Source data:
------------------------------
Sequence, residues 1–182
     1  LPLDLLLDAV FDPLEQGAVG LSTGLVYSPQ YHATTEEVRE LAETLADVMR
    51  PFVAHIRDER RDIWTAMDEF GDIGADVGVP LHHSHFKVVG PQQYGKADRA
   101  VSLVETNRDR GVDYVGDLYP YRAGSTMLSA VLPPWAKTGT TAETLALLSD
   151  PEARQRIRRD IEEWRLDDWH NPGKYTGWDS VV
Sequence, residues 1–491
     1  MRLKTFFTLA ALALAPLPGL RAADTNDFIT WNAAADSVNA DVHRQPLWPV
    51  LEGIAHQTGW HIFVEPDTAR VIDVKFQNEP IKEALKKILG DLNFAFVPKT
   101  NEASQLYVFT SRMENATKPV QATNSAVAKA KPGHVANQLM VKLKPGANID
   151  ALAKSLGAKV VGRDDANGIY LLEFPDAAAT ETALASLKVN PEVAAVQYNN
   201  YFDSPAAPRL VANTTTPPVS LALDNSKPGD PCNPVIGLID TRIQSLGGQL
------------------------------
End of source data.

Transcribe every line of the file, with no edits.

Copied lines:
Sequence, residues 1–182
     1  LPLDLLLDAV FDPLEQGAVG LSTGLVYSPQ YHATTEEVRE LAETLADVMR
    51  PFVAHIRDER RDIWTAMDEF GDIGADVGVP LHHSHFKVVG PQQYGKADRA
   101  VSLVETNRDR GVDYVGDLYP YRAGSTMLSA VLPPWAKTGT TAETLALLSD
   151  PEARQRIRRD IEEWRLDDWH NPGKYTGWDS VV
Sequence, residues 1–491
     1  MRLKTFFTLA ALALAPLPGL RAADTNDFIT WNAAADSVNA DVHRQPLWPV
    51  LEGIAHQTGW HIFVEPDTAR VIDVKFQNEP IKEALKKILG DLNFAFVPKT
   101  NEASQLYVFT SRMENATKPV QATNSAVAKA KPGHVANQLM VKLKPGANID
   151  ALAKSLGAKV VGRDDANGIY LLEFPDAAAT ETALASLKVN PEVAAVQYNN
   201  YFDSPAAPRL VANTTTPPVS LALDNSKPGD PCNPVIGLID TRIQSLGGQL